When I see a news release with a headline that proclaims an OSHA penalty of over $500,000, my first thought is to wonder how many times that company has been inspected by OSHA. A penalty of that magnitude is rarely an outcome of a first time inspection. Most likely the company has been tagged with repeat penalties or possibly even a willful penalty. In other words, this isn’t their first “rodeo” with OSHA.
A proactive business leader knows that it makes sense to be prepared for all kinds of circumstances. Whether it is financial, the actions of a competitor, changes in consumer habits, a business succeeds when leadership takes ongoing steps to anticipate circumstances. OSHA compliance should not be a mystery. Companies need to know if they are ready to effectively handle an OSHA inspection and that they need not fear the outcome. Understandably, companies that have not experienced an OSHA inspection or don’t know anyone who has, may not be prepared when OSHA arrives.
But how is it that a business that has already had an inspection, received citations and penalties and was required to certify correction of the citation, is not prepared for another inspection? How is it that they receive citations and penalties for the same violations they claim to have corrected? How is it that this cycle repeats itself a number of times? Some business leaders don’t seem to get it or feel they can just pay the penalties and life goes on.
OSHA recently announced an increase in its penalty amounts. The maximum amount for a serious citation penalty is $13,260. Serious violations are by far the most common type of citation written by OSHA. Willful and repeat penalties max out at $132, 600. OSHA will reduce these amounts based on a number of factors like company size and past history with the company. OSHA is much less likely to reduce a penalty when it involves a repeat or willful citation. How many companies can absorb high penalties as a “cost of doing business”?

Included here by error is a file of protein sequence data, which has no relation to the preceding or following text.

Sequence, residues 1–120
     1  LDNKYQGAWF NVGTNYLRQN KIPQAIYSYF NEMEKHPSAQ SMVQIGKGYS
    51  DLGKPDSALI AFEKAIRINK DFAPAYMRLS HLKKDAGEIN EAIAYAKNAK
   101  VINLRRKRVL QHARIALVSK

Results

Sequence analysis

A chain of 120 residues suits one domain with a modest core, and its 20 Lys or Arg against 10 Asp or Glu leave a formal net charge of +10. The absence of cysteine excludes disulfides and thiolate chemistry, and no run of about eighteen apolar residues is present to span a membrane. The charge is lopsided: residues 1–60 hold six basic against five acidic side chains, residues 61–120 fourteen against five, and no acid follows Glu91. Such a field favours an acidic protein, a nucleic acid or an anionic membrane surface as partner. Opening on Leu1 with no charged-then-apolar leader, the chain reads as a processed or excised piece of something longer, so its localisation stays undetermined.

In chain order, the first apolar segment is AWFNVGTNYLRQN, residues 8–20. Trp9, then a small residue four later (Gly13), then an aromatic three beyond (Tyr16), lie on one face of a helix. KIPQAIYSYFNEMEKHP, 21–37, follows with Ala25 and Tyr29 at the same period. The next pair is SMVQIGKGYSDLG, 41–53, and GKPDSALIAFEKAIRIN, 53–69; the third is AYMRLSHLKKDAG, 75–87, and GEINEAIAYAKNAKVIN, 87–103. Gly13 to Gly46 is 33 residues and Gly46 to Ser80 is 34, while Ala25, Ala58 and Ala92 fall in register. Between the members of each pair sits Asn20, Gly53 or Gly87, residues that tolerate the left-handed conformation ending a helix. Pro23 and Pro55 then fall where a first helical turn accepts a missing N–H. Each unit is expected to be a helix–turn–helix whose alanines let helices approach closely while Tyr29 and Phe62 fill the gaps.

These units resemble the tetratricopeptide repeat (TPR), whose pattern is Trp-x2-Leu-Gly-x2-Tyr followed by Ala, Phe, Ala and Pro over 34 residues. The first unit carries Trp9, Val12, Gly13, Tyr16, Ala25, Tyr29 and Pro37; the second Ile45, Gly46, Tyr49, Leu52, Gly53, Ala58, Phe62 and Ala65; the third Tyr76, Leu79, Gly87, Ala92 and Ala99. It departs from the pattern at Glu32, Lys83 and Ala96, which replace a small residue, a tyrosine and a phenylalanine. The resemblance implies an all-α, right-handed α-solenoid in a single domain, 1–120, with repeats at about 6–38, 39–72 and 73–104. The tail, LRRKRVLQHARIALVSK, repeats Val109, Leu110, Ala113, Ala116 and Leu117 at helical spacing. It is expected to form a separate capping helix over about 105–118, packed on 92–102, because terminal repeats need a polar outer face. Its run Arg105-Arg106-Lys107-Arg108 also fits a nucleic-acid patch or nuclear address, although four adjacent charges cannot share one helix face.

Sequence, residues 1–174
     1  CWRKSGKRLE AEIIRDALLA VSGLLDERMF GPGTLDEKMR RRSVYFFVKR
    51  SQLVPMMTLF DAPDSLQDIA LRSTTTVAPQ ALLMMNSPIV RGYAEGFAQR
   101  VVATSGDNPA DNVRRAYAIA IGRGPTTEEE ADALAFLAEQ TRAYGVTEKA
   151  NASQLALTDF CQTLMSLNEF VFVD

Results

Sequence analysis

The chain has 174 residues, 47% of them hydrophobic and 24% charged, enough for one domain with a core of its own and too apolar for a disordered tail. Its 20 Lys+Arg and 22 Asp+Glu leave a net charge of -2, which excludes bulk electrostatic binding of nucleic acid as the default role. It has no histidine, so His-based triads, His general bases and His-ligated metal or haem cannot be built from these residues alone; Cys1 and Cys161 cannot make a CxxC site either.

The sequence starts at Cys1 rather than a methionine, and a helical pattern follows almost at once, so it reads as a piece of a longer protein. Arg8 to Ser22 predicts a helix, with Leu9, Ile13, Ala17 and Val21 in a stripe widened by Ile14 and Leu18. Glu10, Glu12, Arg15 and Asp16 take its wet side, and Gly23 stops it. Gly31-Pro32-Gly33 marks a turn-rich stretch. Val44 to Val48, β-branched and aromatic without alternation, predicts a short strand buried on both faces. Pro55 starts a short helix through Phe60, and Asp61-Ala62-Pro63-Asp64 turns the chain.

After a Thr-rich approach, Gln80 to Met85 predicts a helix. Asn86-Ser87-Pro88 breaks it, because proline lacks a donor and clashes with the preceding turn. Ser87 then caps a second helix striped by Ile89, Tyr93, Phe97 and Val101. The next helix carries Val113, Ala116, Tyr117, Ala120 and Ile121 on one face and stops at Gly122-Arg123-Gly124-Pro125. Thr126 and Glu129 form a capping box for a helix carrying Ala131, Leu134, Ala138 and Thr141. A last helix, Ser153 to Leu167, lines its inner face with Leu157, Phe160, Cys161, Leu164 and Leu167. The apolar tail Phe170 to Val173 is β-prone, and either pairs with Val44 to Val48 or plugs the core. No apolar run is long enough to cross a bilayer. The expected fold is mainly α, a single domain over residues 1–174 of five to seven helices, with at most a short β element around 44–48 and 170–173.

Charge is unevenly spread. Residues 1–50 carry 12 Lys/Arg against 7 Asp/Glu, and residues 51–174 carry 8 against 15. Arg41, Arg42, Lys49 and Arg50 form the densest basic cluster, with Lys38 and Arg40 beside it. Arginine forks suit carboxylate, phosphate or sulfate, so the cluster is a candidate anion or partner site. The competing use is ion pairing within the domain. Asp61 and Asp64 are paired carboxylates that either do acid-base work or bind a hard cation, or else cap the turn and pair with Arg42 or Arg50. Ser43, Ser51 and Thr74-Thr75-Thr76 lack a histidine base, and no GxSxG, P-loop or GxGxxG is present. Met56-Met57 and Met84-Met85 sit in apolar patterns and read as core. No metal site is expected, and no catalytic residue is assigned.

What exactly is a repeat penalty? As noted in the agencies Field Operations Manual, OSHA cites a repeat penalty when An employer may be cited for a repeated violation if that employer has been cited previously for the same or a substantially similar condition or hazard and the citation has become a final order of the Occupational Safety and Health Review Commission (hereafter,OS&H Review Commission). A citation may become a final order by operation of law when an employer does not contest the citation, or pursuant to court decision or settlement. The underlying citation which the repeated violation will be based on must have become a final order before the occurrence or observation of the second substantially similar violation. It can be particularly challenging for a company with multiple locations or, in the case of a contractor, multiple job sites to avoid citation that meet this definition.
Willful citations are issued by OSHA where an employer has demonstrated either an intentional disregard for the requirements of the Act or a plain indifference to employee safety and health. It is easy to see how repeat citations can also be classified as willful penalties given that the employer was made aware of the hazard previously.
Examples of hazards where willful penalties occur are: unprotected excavations, falls in construction, bin entry in grain handling facilities and chemical plants that have not implemented a process safety management program. These are examples of well known hazards that OSHA feels all employers should identify and control in their work spaces.
What can an employer do to create a safer workplace and to avoid willful or repeat citations and penalties? Here are a few thoughts.
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